Mar. 28—The COVID-19 pandemic has dramatically changed the way people bank and the industry will probably never be the same.
Banks shifted services to online platforms, restricted access to their branch lobbies and required customers use drive-up methods or make appointments last year and some are still doing that.
Many banks, like PNC Bank, also have shrunk the number of branches and consolidated.
PNC Bank closed a branch at 501 Wyoming Ave., West Pittston in February and consolidated it with another branch less than three miles away at 281 Main St., Dupont.
It also closed another branch at 1000 Wilkes-Barre Twp. Blvd. in Wilkes-Barre Twp. and combined it with a branch at 960 Schechter Drive, Wilkes-Barre Twp.
Marcey Zwiebel, director of corporate relations for PNC Bank, said PNC Bank provides 90-day notifications about branch consolidations and she couldn't say if there will be potential consolidations beyond that.
"Regardless, the consolidations that we have been implementing — in every market where we have a retail presence — are reflective of the fact that the way customers are using branches has been changing," Zwiebel said.
Digital transactions at PNC Bank have exploded during the pandemic and Zwiebel said about 77% of customers used non-teller channels during the fourth quarter of 2020.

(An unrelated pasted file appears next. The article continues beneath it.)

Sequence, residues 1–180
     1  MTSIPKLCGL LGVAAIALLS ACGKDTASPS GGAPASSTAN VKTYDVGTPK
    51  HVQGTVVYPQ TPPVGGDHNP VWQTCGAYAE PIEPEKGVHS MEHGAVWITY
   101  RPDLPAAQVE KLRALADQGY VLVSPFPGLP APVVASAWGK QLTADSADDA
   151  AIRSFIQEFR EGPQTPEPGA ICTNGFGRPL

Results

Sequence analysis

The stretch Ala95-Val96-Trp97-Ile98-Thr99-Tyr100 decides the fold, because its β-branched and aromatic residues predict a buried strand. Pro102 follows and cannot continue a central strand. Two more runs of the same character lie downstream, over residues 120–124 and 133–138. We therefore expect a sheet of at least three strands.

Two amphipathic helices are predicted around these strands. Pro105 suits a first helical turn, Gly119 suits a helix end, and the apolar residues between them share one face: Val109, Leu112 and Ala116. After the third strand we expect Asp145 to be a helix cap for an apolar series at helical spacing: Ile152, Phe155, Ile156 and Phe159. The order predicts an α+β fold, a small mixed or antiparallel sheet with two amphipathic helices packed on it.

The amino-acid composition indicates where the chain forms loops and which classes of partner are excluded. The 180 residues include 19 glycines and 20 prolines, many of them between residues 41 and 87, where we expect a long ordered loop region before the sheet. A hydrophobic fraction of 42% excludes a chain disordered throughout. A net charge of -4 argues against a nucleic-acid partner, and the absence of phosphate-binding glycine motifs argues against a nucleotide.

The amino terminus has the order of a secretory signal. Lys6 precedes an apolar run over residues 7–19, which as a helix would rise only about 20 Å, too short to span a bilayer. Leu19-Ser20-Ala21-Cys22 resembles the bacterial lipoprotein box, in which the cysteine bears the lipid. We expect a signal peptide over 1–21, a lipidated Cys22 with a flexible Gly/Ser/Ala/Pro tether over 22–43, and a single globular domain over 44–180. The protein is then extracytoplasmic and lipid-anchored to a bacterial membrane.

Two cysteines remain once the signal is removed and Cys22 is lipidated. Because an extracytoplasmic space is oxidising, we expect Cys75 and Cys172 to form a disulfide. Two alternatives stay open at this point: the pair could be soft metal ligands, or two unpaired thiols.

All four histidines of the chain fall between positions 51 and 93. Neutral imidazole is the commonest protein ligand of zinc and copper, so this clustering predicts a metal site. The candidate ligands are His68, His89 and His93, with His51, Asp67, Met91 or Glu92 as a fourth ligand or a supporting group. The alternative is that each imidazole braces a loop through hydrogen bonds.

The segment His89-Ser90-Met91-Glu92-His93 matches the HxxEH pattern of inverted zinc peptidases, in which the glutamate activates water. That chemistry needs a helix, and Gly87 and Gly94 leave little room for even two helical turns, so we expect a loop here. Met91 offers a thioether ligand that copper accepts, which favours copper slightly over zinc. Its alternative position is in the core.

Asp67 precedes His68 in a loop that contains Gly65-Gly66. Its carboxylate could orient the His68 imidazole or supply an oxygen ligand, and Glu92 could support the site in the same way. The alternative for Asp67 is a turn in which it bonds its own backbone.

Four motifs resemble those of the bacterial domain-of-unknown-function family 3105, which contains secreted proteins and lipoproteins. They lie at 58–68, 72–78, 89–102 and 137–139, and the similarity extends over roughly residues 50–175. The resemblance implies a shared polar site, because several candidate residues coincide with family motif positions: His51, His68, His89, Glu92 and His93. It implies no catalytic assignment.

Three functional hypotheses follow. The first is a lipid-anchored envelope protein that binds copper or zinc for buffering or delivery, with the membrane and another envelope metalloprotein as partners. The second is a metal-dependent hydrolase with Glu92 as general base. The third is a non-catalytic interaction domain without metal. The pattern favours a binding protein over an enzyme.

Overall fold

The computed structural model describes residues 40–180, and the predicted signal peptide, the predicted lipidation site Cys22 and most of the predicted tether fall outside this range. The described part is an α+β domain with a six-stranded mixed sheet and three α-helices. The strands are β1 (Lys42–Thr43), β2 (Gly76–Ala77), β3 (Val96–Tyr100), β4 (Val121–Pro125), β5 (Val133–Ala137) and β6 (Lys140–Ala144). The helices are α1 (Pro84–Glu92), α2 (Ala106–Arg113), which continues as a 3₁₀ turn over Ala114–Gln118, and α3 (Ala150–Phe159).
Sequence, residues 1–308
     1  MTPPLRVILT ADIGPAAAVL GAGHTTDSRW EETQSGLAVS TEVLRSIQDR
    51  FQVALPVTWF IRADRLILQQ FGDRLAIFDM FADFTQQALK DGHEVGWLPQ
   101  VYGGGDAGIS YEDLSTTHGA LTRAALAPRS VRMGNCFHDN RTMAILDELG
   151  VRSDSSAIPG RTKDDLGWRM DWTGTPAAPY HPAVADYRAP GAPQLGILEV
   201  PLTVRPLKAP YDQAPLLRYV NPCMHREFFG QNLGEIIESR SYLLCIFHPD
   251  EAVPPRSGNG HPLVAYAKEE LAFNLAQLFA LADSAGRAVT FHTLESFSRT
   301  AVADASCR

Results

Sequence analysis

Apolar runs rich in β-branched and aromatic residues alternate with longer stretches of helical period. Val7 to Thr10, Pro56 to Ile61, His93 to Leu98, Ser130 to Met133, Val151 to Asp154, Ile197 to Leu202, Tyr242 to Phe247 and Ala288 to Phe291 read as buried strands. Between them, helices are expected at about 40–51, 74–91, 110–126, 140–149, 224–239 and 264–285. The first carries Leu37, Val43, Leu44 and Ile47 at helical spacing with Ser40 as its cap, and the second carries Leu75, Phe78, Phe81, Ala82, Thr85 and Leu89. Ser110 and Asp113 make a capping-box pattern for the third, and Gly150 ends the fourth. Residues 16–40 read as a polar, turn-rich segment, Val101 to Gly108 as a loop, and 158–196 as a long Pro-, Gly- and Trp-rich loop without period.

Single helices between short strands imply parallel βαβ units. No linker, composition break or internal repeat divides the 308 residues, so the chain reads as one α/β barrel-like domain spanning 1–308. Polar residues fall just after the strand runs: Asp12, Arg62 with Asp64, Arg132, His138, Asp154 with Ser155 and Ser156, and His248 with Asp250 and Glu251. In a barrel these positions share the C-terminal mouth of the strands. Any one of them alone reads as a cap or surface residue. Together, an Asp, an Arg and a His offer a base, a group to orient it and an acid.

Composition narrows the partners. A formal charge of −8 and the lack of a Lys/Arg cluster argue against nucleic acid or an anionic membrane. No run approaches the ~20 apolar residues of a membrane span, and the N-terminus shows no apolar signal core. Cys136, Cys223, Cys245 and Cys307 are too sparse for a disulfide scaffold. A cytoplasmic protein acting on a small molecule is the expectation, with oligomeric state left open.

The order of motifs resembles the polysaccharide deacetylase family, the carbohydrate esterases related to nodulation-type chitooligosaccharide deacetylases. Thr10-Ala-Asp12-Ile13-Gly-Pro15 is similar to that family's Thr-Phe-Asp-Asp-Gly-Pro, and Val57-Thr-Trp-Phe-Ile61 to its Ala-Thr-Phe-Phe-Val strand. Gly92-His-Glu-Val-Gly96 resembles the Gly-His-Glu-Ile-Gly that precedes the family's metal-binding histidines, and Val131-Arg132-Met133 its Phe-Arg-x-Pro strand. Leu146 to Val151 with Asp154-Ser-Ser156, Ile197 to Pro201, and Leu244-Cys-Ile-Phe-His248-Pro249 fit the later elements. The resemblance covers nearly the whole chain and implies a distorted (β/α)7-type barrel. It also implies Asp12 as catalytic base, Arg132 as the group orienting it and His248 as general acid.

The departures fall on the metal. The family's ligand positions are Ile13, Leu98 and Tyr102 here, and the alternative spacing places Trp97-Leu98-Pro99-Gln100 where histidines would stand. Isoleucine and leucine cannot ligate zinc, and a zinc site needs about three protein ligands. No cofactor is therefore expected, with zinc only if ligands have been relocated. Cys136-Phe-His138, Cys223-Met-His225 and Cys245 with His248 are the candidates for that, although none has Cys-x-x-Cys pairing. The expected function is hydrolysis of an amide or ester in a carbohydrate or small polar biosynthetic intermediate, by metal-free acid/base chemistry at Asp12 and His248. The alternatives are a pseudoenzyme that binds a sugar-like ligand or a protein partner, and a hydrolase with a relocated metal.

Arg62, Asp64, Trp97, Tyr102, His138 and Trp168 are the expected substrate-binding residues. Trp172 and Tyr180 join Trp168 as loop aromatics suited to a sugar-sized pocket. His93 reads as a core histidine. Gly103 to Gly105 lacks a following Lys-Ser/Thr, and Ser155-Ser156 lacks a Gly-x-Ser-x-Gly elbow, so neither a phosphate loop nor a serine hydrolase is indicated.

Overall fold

Also during the fourth quarter, deposit transactions via ATM and mobile channels were 66% of total deposit transactions, she said.
"These shifts in the way customers are conducting their banking transactions are important inputs that inform our branch consolidation decisions," Zweibel said. "The reality is there are more ways to bank with PNC than ever before via online, mobile, ATM, phone, etc. and we have continued to see customers taking advantage of the investments we have made in all of these different channels."
At the same time, Zweibel said PNC Bank officials also recognize that branches continue to be important for many customers who still want a face-to-face conversation when it comes to major financial decisions such as discussions about mortgage, loans, retirement and investment.
"That is why we try to most effectively and efficiently meet customers where they are, which requires an ongoing investment in alternative banking methods while maintaining an effective branch network for the face-to-face transactions and financial wellness discussions customers still want to have," she said.
Ivon Creagh, Greater Pennsylvania region president for Wells Fargo, said throughout the pandemic, Wells Fargo also has restricted access to branch lobbies and asked customers to make appointments.
Today, a small percentage of branches are temporarily closed. In Wells Fargo's open branches, she said measures are in place to "ensure we can serve our customers and keep our branches safe."